i enter into a contract with a buyer for my house. i sign the contract electronically . He said he would email me a copy of the contract. He email me but didn't give me a copy of the contract .It was just the company logo. he call me and want me t...
Generally speaking, signing a contract binds you to the performance obligations contained in the contract. There is also a general presumption (which may be rebuttable) that people signing contracts understand their terms. No one here on Avvo can know what your contract says. You should immediately consult with a local real estate attorney to determine if you are bound to the contract or if you have avenues of redress.See question
My neighbor has completely let his yard go for years. His blackberry bushes and weeds are over taking my 6 foot fence and coming over to my property. I'm going to have to replace my fence soon because of the pressure the weeds have put on my old...
Your best bet is to call animal control and the local health department. Rodents, vermin, and the like carry diseases harmful to people. Get the health department to force your neighbor to clean up his yard. Short of that, you can cut back vegetation overhanging onto your property.See question
We learn through a fight to keep our home from foreclosure that our mortgage company had not filed for assessment of our loan until a month before foreclosing. We have been paying them for almost 10 years and were unaware of this. We had applied...
Financial institutions frequently sell mortgages. Some institutions specialize in originating loans while others specialize in servicing them. If you take a look at the title insurance policy you (should have) purchased when you bought your home, on the lender's policy, the name of your lender is probably captioned as "XYZ Bank, ISAOA." That last part stands for "It's Successors And/Or Assigns", meaning the lender very likely will transfer your loan to another company. So the transfer itself is perfectly lawful. The question is whether you were give proper notice under the law of the transfer. Some states impose additional notice obligations on the banks when they transfer loans, so check with a local real estate attorney to see if your loan originator and its successor complied with applicable notice provisions.See question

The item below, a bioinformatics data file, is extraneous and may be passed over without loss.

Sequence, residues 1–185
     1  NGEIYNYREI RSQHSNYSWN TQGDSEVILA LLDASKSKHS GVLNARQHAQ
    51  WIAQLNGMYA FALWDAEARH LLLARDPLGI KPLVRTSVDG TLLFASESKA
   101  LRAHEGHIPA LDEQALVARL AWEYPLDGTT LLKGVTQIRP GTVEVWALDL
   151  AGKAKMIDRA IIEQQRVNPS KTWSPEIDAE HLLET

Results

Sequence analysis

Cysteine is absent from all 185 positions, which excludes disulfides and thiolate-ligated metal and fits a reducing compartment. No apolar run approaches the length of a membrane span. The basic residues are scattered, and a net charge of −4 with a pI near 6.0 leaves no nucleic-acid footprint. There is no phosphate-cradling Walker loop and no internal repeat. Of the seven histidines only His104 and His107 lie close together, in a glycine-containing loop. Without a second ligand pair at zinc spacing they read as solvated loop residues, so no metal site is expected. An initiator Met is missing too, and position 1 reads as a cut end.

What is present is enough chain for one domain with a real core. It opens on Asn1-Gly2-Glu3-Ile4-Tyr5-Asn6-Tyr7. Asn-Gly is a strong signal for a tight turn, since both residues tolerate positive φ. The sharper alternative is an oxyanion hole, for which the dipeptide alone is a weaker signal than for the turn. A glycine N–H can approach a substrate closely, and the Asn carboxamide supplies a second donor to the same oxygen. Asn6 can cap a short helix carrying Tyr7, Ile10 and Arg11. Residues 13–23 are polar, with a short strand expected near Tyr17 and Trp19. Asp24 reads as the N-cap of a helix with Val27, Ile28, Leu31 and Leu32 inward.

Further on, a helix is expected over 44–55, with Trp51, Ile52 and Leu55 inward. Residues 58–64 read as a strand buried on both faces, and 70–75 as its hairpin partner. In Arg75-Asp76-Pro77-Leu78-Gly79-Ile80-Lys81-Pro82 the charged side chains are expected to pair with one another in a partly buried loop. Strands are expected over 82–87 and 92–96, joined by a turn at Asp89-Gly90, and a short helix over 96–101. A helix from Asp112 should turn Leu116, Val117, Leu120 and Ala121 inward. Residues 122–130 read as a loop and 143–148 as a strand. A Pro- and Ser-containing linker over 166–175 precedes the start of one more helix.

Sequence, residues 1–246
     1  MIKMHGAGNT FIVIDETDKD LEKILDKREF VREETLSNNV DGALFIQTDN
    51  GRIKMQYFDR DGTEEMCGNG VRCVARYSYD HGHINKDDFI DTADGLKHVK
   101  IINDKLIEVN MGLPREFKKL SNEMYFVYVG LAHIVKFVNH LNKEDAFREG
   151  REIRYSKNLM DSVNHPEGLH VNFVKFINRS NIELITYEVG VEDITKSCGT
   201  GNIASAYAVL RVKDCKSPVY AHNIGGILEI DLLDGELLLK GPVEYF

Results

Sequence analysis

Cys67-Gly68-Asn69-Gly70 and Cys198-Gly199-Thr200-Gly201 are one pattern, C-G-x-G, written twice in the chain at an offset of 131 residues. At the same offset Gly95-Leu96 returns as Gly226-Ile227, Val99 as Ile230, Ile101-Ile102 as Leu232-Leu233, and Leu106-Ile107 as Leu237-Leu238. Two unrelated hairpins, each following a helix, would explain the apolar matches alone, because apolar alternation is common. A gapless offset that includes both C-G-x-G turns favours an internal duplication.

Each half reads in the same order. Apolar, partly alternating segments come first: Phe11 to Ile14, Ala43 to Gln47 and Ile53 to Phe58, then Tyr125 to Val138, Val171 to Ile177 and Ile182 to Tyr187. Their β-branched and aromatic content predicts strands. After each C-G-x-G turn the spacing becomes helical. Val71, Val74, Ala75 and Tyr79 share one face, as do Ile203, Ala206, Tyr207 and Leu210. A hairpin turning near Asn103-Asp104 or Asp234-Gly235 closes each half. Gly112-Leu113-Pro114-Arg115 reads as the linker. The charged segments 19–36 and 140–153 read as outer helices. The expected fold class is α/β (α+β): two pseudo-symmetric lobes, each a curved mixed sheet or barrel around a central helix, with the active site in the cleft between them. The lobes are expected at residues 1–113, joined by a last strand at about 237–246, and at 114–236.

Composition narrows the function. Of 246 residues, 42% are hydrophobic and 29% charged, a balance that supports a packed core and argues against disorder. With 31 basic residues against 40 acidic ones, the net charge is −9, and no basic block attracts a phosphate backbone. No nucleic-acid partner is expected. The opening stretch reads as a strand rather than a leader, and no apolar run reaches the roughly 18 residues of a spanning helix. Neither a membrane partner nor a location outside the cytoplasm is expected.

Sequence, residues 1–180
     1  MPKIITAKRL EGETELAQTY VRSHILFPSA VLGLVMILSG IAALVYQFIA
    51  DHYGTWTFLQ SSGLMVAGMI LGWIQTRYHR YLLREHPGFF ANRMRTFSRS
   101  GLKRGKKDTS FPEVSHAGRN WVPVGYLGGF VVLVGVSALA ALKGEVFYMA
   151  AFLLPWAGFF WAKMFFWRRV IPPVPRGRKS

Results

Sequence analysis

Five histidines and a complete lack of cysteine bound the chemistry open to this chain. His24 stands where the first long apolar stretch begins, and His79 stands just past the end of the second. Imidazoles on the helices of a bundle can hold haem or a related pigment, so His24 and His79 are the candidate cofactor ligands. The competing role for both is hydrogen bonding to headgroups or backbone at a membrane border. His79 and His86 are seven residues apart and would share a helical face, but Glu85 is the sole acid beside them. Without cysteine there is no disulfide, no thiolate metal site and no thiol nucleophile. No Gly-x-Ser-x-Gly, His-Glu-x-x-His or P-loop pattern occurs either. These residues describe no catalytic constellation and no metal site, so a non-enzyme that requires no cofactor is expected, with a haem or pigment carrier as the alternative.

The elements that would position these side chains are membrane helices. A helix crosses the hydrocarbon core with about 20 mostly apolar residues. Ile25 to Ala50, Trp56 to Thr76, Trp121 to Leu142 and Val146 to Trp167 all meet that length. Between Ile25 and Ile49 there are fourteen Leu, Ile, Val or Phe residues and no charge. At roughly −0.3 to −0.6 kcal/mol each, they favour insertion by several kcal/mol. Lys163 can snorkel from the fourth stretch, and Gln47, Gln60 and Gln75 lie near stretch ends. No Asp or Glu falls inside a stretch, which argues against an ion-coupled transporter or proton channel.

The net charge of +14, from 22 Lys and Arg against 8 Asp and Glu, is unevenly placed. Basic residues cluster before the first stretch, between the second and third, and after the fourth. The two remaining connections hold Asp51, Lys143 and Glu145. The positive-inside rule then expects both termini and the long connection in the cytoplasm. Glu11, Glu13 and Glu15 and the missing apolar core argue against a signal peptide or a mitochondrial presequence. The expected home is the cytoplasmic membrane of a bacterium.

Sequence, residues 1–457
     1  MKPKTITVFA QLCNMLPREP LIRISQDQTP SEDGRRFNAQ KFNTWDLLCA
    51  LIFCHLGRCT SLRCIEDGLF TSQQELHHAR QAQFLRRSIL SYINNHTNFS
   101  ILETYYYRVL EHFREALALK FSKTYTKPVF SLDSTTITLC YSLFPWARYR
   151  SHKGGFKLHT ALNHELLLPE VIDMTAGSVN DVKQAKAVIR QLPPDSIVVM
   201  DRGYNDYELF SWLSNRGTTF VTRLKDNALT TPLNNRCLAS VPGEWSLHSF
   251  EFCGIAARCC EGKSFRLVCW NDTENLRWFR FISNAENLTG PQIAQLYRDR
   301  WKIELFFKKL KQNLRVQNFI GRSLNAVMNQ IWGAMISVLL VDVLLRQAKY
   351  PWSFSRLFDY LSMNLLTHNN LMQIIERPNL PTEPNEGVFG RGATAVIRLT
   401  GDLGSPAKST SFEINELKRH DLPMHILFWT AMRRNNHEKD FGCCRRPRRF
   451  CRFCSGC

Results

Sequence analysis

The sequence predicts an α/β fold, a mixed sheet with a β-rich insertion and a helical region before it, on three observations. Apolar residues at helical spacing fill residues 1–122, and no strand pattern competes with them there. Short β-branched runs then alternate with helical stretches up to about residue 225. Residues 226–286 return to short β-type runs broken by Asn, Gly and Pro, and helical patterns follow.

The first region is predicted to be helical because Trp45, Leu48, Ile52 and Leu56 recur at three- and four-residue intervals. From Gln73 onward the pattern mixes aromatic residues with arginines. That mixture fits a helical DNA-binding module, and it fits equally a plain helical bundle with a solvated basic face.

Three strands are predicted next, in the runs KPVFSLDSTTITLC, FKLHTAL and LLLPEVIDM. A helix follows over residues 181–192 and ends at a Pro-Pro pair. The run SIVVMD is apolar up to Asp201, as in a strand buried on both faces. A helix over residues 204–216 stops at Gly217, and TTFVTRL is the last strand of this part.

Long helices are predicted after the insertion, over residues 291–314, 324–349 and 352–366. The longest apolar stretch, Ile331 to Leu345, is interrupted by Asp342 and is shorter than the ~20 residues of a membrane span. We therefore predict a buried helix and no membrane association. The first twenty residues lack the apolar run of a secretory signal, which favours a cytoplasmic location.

FSBO - for sale by owner. We (the HOA board) have never received a request from anyone other than closing attorneys, real estate agents or lenders. We also charge a fee for the request. Are there rules regarding such requests from homeowners?
Parties to a real estate transaction need estoppel letters so they can prepare settlement statements - these are documents which tell everyone how much the seller owes, where the money is coming from, and where it's going. Additionally, I would image the homeowner has every right to access this information because it's information on the homeowner's own account. I also see no reason why the identity of the person asking for the letter should have any affect on the fee you charge for producing this letter. To be safe, consult with an attorney familiar with GA real estate. I am licensed in NJ, not GA and laws vary from state to state.See question